These versions should be heard by anyone who cares about chamber music - Faure's works stand with the very finest, and always reveal new things with repeated hearings. Listening to them in a new version is a bit like looking at silver that has been newly buffed: the joy of the works and their particular sounds come across as never heard before. As a big fan of the Capucon brothers I was very keen to hear this, really, but had been put off by various reviews critical of the sound. There is quite a reverberant acoustic, with the piano sounding a bit clattering in loud passages. However this doesn't seem like a problem to me. The piano sonority comes across well across the range, except possibly at its loudest, and if the overall sonic picture is a bit strange - the sound is less welded into a unity than usual, as if the instruments are further apart - I find it perfectly acceptable and these players make me forget any reservations. They really form a combination made in heaven, and your attention often focuses on a detail of part writing in the strings. Gerard Causse brings out some of the viola writing more than I've heard before, while Gautier Capucon gives superb life to the cello line. To hear Renaud at his best you only need to sample the end of the Second Piano Quartet - a soaring passage that he plays with unprecedented yearning as it keens up in the stratosphere against the strangest harmonies. You feel as though it's pushing into another atmosphere altogether. The discs are a bit like the version of Falla's Nights in the Gardens of Spain with Martha Argerich and Daniel Barenboim on Erato: people said what a mess the live recording was, but it seemed to me that the spirit of the music still came through with unprecedented excitement. That disc has been through several re-editions, as it happens ... Here the spirit of Faure's world is encountered with great vividness on these discs, and they really are the interpretations of the present. It's also an asset to have the complete chamber works presented with two pianists, who inhabit a different sound world. The two Quintets show Faure taking his singular musical path to a rare degree of perfection, a bit like walking up a path in a Monet painting so that you are totally immersed in those daubs of colour and they take on an aura of profound truth.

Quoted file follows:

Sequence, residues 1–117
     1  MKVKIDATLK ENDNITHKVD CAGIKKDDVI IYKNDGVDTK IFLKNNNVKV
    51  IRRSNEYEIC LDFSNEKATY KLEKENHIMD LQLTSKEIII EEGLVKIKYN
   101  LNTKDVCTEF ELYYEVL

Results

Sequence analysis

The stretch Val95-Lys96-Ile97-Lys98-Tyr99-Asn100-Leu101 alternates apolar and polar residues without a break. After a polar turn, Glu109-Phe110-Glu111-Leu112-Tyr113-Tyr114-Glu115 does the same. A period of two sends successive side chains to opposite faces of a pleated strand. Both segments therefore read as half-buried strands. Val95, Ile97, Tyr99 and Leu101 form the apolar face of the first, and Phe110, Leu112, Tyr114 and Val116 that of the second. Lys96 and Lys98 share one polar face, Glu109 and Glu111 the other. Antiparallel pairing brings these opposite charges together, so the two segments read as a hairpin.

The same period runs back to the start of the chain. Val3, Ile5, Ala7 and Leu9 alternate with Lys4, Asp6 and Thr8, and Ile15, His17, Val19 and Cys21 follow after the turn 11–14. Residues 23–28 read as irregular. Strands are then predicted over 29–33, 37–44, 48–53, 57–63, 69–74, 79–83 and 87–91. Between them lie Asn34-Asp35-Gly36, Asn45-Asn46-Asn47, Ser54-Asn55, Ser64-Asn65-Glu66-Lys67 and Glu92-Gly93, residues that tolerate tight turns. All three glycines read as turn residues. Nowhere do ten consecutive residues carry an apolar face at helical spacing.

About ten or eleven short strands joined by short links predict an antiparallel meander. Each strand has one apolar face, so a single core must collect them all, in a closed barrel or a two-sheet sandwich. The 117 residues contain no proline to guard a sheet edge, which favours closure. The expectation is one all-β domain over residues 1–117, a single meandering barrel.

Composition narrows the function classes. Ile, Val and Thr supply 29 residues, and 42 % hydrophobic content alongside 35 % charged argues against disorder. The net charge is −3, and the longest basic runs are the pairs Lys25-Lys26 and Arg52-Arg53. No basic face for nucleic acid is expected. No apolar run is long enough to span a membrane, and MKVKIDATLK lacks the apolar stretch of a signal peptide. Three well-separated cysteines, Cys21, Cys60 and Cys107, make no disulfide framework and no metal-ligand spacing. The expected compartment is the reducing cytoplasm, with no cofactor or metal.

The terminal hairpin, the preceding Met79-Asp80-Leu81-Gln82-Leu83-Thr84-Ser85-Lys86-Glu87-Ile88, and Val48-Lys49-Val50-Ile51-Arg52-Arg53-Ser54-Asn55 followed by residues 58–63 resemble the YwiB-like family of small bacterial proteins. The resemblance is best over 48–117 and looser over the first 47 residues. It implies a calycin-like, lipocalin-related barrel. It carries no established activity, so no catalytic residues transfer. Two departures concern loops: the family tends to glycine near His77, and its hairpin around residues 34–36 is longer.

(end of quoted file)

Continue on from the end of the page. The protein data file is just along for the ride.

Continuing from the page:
on 26 November 2011
As others have mentioned: the technical quality of this recording is really a shame!
The only piece of music that sounds acceptable is the string quartet (already released) the others are extraordinary bad.
Especially in the piano quartets and quintets the piano sounds like recorded separately in another room (may be an empty bathroom?) far behind the strings, way to low and with a different resonance as the strings who sound flat and too lifeless.
The musicians play with energy and delicacy but somewhere between the microphones and the ears of the recording engineer something strange and unpleasant must have happened (didn't the musicians protest against the results?) which killed my willingness to listen twice to the recordings and to care much about the potential performance of the musicians and what might be their musical contribution to Fauré fans (such as I am).
Of course one accepts the modest sound quality of historic recordings and can nevertheless appreciate artistic performance and interpretation and listen with fun but for newborn recordings such a pathetic sound quality (even if the price is low) is inacceptable.
What a disappointment! I had some expectations as the performances of the Capuçons etc. (even if I do not always share their musical opinions) are always refreshing.